1. Health and welfare benefits

Whether or not an employer is subject to the ACA mandate, many employers choose to offer health and welfare benefits, e.g., dental, vision, group life insurance, and short and long-term disability, as a way of attracting and retaining employees. If other employers in your industry offer such benefits, your company may be at a recruiting disadvantage if you choose not to do so. Most small employers that offer health and welfare benefits do so by contracting with one or more insurance carriers, such as AETNA, BlueCross BlueShield or Humana, through a local insurance broker.

If an employer offers health and welfare benefits, the employer will be subject to and must comply with the requirements of the federal laws governing health and welfare plans, including the Employee Retirement Income Security Act of 1974 (ERISA), the Internal Revenue Code of 1986 (IRC) and the Health Insurance Portability and Accountability Act of 1996 (HIPAA).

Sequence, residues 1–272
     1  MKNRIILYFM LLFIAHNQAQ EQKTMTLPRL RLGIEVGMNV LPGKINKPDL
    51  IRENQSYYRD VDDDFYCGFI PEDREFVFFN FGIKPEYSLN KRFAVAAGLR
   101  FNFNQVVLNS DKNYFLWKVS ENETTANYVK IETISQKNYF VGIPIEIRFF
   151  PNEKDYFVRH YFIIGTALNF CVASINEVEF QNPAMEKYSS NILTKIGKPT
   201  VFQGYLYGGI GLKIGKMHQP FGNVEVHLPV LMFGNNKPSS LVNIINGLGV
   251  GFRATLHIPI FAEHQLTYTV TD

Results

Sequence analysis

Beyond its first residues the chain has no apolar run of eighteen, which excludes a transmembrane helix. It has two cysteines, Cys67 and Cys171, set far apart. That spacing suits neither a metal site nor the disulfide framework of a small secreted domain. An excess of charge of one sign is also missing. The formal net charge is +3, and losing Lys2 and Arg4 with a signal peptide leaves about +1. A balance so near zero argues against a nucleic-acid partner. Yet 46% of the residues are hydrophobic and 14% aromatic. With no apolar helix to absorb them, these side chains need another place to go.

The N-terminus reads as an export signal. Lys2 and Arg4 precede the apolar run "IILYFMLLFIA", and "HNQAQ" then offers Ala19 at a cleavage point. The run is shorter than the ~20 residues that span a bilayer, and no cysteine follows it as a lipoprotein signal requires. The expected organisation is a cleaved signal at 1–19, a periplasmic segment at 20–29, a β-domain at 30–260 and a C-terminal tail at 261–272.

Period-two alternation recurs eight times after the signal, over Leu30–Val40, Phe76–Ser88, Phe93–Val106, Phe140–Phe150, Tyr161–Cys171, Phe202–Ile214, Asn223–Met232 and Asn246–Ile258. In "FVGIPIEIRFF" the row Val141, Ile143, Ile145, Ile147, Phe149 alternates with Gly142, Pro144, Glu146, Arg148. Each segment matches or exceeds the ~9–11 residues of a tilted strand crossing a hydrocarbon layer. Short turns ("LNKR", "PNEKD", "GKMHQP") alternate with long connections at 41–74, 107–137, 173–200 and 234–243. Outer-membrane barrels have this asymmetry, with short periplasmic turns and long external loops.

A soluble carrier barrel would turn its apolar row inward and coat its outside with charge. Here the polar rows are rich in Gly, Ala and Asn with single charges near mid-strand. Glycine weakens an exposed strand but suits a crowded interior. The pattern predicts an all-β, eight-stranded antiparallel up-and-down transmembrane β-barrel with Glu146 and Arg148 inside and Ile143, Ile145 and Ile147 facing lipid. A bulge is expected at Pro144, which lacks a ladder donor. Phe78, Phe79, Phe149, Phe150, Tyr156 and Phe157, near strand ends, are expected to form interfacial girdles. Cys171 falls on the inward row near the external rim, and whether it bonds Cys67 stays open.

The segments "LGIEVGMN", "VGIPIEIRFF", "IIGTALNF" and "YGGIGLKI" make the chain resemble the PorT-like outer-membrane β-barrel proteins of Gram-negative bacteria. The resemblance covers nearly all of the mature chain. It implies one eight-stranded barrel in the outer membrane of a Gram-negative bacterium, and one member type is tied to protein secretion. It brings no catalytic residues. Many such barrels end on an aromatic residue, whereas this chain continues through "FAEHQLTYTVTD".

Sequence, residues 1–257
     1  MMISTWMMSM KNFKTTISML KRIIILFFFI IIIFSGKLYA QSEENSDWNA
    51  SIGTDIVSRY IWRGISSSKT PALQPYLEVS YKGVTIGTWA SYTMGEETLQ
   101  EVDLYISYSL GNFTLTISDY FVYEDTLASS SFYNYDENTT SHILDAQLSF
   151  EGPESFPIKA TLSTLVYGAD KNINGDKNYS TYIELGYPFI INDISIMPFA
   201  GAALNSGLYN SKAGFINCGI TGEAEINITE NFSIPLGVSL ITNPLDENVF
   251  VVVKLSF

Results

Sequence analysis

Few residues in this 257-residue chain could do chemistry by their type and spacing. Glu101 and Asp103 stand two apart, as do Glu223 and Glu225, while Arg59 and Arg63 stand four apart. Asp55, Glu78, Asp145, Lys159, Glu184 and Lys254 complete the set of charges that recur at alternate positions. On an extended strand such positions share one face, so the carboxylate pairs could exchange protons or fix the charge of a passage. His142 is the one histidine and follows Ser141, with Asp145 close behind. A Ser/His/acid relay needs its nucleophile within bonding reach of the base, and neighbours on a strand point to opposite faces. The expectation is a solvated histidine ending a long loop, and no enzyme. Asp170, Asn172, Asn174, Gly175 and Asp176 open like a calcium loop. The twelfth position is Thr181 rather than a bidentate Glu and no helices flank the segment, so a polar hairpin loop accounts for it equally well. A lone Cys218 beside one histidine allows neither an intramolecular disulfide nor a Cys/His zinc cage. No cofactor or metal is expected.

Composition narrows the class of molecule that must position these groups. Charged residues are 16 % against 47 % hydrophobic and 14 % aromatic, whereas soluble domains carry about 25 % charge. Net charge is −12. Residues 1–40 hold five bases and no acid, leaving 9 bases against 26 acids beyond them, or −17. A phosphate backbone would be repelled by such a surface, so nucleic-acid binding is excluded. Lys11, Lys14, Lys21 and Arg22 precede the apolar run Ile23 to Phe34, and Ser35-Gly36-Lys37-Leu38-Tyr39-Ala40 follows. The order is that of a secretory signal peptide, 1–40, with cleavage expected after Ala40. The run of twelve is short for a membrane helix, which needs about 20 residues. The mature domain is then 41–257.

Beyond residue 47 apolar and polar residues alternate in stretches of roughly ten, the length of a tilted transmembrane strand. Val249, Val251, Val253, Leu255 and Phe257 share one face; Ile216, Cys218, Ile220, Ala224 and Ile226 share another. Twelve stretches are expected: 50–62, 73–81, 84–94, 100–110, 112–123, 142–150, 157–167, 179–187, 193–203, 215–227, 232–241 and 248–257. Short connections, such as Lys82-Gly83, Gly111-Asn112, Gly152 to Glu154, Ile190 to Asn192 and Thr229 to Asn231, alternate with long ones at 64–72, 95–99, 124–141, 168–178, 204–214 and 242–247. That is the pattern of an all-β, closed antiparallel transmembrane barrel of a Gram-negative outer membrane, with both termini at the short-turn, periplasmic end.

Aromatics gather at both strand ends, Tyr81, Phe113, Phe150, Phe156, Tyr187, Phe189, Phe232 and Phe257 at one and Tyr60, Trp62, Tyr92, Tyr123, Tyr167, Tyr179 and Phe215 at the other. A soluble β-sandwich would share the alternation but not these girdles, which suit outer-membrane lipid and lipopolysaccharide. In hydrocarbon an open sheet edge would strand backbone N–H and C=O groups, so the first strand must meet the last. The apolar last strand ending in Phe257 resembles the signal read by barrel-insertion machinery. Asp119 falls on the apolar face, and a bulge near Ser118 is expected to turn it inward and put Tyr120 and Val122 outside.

1. Retirement plans

There is no legal requirement that private employers offer any form of retirement plan to their employees. If an employer does choose to sponsor a retirement plan, the employer becomes subject to and must comply with the requirements, including annual reporting requirements, applicable to retirement plans under the IRC and ERISA. Even if an employer utilizes a retirement plan provider and a third-party administrator for its plan, the employer will still be directly liable for failures to comply with such laws.